“Practical Education 3”

After a few days to deal with car problems, I return with the third skill we learned in the seventh grade from Mrs. McElveny. We were entrusted to run the school store. Situated between the classroom and the audio visual room, the store consisted of a large counter, a place to stand behind it, a change box and assorted classroom supplies in compartments on the counter. We sold pencils, paper, erasers, rubber cement, glue and paper clips.

My favorite offerings were boxes of Ace Reinforcements. We all bought them though none of us ever used them. They were meant to fit over a ripped hole in a sheet of loose-leaf paper thus “reinforcing” it for its return to the binder. As far as I can recall we simply stuck them wherever we felt like, though never on ripped paper holes. I can still recall the exact taste of the glue on these little circles, so I must have bought them too.

We learned to make change, though always for coins. I don’t think anything cost more than 5 cents and I doubt we ever received more than a quarter. Mrs. McElveny kept us supplied in the nickels and dimes we needed to do business transactions with the younger students. Everyone looked forward to being old enough to work in the store, and I had the chance to “wait on” my admiring younger siblings.

I only spent one dreadful year in retail sales, but it was long before cash registers did the work for the clerk. As I made change I remembered how I once thought it would be exciting to work in a “real” store. Sadly the most fun I ever had in sales was many years behind me.

In case you wondered

23 thoughts on ““Practical Education 3”

  1. I actually used those things! I also took a Retailing class in high school, and we ran the store for students. It was a lot of fun. My last job in high school was as a salesclerk at JC Penny. I rather enjoyed it. But that was enough. 🙂

    Liked by 1 person

  2. The trouble with those little things’ was they never fit perfectly over the spot they were supposed to. They’d never line up correctly with the prongs which meant the paper (or card) would be sqew iff and not sit straight in the folder. Or they wouldn’t stick and got caught on the prongs. It ended with you having to turn the papers carefully muttering at the same time


  3. This is important, practical education. Buying and selling, and making change are things kids need to know how do today- without a computer on the cash register to tell you. Oh, I loved the reinforcements, and still use them. Have you ever reached out to Mrs. McElveny to say thank you?


  4. remember it well… I worked in Woolworths on Saturdays for a couple of years. This was before they went ‘self service’ although I seem to recall a lot of youngsters did help themselves even then. I was on the first counter as you came in, in the centre of the shop . One side was stationery and the other was make-up. We stood behind that counter all day apart from when we were relieved for a lunch break and a tea break.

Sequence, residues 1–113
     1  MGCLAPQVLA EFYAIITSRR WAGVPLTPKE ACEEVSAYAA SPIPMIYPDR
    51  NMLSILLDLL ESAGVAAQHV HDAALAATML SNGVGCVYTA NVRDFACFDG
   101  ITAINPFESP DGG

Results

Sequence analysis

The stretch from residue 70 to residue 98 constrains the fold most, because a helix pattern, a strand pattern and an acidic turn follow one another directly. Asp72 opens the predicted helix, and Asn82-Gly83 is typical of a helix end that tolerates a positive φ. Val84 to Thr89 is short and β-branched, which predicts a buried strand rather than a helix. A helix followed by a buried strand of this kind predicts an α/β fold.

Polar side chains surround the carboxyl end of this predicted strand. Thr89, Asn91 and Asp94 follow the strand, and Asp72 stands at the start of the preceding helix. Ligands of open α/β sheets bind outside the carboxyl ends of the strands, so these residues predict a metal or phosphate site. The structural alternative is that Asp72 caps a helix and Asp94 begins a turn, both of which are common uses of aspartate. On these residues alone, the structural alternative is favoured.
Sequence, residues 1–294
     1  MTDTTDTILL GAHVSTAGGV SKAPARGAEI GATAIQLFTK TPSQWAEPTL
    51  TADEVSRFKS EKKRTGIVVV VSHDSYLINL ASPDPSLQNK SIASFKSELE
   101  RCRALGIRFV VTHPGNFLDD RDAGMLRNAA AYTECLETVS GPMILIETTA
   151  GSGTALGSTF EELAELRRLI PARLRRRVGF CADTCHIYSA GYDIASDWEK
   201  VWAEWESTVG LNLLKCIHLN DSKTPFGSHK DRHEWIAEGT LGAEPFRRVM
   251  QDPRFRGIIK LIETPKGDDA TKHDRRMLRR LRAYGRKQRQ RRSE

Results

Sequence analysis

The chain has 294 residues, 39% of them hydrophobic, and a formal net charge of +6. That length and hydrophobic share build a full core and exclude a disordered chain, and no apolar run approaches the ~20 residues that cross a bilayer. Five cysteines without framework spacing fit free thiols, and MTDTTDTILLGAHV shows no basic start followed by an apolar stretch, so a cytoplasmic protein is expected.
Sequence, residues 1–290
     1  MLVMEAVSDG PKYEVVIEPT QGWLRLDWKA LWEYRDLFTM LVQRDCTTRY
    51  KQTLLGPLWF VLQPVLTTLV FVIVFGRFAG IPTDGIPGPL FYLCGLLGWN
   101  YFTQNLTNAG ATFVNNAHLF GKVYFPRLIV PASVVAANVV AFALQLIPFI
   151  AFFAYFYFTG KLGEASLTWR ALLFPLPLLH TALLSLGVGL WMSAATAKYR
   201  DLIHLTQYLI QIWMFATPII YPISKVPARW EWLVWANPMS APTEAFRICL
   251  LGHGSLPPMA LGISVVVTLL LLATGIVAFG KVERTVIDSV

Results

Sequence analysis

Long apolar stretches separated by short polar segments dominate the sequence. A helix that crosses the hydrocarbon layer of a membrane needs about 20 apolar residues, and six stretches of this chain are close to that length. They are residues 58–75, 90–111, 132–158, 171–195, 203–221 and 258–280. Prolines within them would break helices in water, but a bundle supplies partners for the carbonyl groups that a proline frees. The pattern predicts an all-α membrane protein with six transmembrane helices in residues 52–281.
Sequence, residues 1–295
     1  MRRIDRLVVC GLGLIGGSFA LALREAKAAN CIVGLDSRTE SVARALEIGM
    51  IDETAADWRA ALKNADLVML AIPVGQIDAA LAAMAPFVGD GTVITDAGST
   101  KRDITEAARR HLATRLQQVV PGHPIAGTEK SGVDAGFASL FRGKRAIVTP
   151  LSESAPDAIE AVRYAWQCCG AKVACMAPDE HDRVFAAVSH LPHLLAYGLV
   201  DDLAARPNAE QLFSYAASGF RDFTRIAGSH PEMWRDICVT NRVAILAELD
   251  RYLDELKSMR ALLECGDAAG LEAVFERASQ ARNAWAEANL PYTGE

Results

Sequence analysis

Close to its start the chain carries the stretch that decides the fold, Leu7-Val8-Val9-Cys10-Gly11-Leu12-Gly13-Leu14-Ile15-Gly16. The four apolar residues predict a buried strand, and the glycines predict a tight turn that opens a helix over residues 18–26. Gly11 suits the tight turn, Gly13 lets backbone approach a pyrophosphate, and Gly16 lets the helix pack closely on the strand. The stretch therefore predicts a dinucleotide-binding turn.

then I got a job in a coffee bar further up the road, when a friend left. It called itself a coffee bar, but was more a cafe; it closed at 6pm. It was a whole other experience from Woolworths.


    1. You have brought back in full detail my shopping times in Woolworth’s. There was so little packaging. The little tubes of lipstick were all laid out. Of course my friends loved stealing them. I was too scared to try.

      Liked by 1 person

  5. I also loved those reinforcements though the ones I used had built-in adhesive. Everything I did from Grade 9-12 was stored in three-ring binders so those were really useful.

    I worked in retail when everything was done with a cash register but a year or so before the scanners came in. One colleague and I vied to be the fastest, both of us doing 60+ items/minute with full accuracy – remembering all the codes for the veggies and bulk foods. I still can remember a few – bananas were 113 (scale) 1 (tare for the bag)) code, for example.

    But I didn’t miss out on learning to go without a calculator. I remember working cash at a book sale when I was about 11. The calculator died and a kind adult showed me how to count change up from the total cost and I never forgot – and did that ever since from the grocery store when I was 15 all the way up to working cash at the co-op at 45.

    (By the way – I’m enjoying all of your posts but syncing them to my e-reader for offline reading. I have to remember to be better about making notes about what I want to say and actually writing it when I get to a computer….)


    1. I love whenever you comment. Don’t worry about skipping. My daughter worked for American Airlines and had to memorize all those airline and airport codes much like the produce ones. I wish more young clerks understood making change without the cash register doing it for them.

      Liked by 1 person

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